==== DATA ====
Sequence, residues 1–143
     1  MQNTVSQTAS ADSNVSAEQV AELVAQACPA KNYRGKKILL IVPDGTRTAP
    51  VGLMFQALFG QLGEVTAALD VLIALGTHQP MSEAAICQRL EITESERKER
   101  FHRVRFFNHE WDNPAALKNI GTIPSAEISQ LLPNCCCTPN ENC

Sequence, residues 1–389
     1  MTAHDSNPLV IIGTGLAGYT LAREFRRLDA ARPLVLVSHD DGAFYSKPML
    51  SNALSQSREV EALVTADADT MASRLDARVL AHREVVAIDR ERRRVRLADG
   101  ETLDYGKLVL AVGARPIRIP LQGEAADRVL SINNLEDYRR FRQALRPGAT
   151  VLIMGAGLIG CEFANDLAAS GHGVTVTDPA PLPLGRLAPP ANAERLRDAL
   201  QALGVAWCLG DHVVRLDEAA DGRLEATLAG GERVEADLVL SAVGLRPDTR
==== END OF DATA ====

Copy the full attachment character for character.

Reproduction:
Sequence, residues 1–143
     1  MQNTVSQTAS ADSNVSAEQV AELVAQACPA KNYRGKKILL IVPDGTRTAP
    51  VGLMFQALFG QLGEVTAALD VLIALGTHQP MSEAAICQRL EITESERKER
   101  FHRVRFFNHE WDNPAALKNI GTIPSAEISQ LLPNCCCTPN ENC

Sequence, residues 1–389
     1  MTAHDSNPLV IIGTGLAGYT LAREFRRLDA ARPLVLVSHD DGAFYSKPML
    51  SNALSQSREV EALVTADADT MASRLDARVL AHREVVAIDR ERRRVRLADG
   101  ETLDYGKLVL AVGARPIRIP LQGEAADRVL SINNLEDYRR FRQALRPGAT
   151  VLIMGAGLIG CEFANDLAAS GHGVTVTDPA PLPLGRLAPP ANAERLRDAL
   201  QALGVAWCLG DHVVRLDEAA DGRLEATLAG GERVEADLVL SAVGLRPDTR